Alternative Treatments for Adults with AD/HD
A rose is a rose is a rose... or is it?
The reason medications like Ritalin or Adderall are so popular is because they work. Medications are manufactured according to tightly controlled specifications, which makes them very predictable. A five mg tablet of methyphenidate will always be a five mg table of methylphenidate.
Many alternative treatments are not held to this same standard of quality. Research by Consumer Reports (December, 2000) found that the amount of certain key ingredients in some herbal products can vary considerably from brand to brand. Other sources claim that doses are inconsistent from batch to batch, with variations occurring even among tablets or pills in the same bottle. The Federal Drug Administration has no control over these products. The consumer is left strictly at the mercy of the manufacturer.
Arnold cites European studies on St. John's Wort (hypericum) for depression that found it more effective than placebo. Many people with ADHD and depression claim to have been helped by using the medication. Other studies, which are not cited by Arnold, appear to contradict these results. This uncertainty, combined with the lack of regulation and quality control, make some doctors hesitant about recommending the herbal antidepressant.
One size does not fit all
Some treatments are not appropriate for all people who have AD/HD. For example, there has been some speculation that thyroid treatments could also help control AD/HD symptoms. But Arnold's research does not support any such connection: "For the 2-5% of patients with ADHD who have thyroid abnormality, correction of the thyroid problem should logically be the first line of treatment, but is not indicated for the majority with normal thyroid function."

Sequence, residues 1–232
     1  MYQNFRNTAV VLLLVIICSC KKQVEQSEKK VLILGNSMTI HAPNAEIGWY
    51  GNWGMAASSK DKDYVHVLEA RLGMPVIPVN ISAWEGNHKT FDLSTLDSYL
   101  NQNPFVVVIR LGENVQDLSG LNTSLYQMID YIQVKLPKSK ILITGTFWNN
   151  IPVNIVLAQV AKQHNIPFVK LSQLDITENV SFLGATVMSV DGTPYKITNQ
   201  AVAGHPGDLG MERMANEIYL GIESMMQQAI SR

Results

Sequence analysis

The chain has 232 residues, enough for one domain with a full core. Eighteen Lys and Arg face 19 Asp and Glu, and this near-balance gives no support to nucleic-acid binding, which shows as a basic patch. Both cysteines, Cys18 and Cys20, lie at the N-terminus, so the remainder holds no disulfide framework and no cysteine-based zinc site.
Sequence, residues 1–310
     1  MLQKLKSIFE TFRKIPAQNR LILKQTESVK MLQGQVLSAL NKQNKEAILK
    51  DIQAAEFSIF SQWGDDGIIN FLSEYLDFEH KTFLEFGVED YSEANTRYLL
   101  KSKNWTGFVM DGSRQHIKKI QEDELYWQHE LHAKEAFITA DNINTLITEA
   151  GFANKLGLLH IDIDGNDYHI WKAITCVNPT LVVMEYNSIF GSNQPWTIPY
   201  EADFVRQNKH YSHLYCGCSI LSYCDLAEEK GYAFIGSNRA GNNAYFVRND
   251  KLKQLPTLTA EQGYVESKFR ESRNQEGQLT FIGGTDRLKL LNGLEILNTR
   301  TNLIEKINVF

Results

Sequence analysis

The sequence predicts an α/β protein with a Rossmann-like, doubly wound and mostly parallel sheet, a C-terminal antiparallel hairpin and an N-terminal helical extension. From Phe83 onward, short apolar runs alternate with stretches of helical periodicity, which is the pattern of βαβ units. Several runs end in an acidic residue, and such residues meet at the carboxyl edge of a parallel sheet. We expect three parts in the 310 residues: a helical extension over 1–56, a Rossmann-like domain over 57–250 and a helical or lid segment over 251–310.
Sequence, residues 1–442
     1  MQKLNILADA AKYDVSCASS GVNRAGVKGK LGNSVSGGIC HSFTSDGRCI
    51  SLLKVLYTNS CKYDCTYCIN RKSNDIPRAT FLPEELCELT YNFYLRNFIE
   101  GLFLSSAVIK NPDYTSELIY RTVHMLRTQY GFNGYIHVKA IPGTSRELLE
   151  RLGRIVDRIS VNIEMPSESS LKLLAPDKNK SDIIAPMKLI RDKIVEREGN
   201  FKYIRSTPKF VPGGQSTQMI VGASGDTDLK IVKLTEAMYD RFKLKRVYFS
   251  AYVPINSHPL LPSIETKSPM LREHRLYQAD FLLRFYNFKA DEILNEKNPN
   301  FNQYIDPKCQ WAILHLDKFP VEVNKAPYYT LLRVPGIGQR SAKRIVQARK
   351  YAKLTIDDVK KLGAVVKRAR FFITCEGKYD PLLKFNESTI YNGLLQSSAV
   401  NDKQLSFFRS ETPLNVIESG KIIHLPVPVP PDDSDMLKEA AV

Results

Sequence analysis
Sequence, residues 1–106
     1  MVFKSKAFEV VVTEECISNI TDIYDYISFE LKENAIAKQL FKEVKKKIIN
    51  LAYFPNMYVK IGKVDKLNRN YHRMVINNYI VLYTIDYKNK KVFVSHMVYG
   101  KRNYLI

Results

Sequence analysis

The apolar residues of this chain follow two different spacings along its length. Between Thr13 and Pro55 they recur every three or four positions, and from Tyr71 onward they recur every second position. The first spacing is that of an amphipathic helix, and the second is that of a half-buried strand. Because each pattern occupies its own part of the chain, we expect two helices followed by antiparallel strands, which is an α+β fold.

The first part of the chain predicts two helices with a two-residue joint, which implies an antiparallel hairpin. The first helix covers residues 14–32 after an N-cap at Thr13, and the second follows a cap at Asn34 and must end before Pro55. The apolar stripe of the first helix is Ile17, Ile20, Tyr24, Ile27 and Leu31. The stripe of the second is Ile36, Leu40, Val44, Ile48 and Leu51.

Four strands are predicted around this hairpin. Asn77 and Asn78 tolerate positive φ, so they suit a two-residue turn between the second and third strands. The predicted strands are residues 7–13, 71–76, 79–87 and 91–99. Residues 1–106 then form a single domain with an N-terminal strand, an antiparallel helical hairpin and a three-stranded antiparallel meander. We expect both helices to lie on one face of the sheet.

The same is true of patients with a deficiency of specific nutrients: "For patients with demonstrated deficiencies of any nutrient (e.g., zinc, iron, magnesium, vitamins), correction of that deficiency is the logical first-line treatment." Arnold maintains that while dietary therapies are not effective for most people who have AD/HD, they may be appropriate "in the small subgroup with sensitivity to foods" (emphasis included in the original text).
Other treatments, according to Arnold, cost nothing, pose no risk, and show some promise. He cites research on meditation which he says showed significant advantage in classroom behavior but not in parent ratings or psychological tests. Mirrors have to help children with ADHD to self-monitor and better control their behavior. Arnold acknowledges that these have not been proven to help ADHD, but believes there is sufficient research to show that they may be helpful for children and adults who have the disorder.
It should be noted that these interventions are not "cures" for ADHD, but are tools that could be helpful.
More study is needed
"The most basic recommendation for future research on treatment alternatives in ADHD is that there should be more," says Arnold. "Most of the alternatives have been relatively neglected by most mainstream investigators -- especially for adults with ADHD -- and by peer-reviewed funding, despite the fact that some of them could be relatively cheaply tested." Arnold believes that this lack of research has meant that potentially useful treatments are being overlooked and that possibly ineffective or even dangerous treatments are being sold without the data necessary to debunk them.
"Dogma (both establishment and anti-establishment) fills the void left by absence of data," says Arnold. "This research void requires our scientific attention."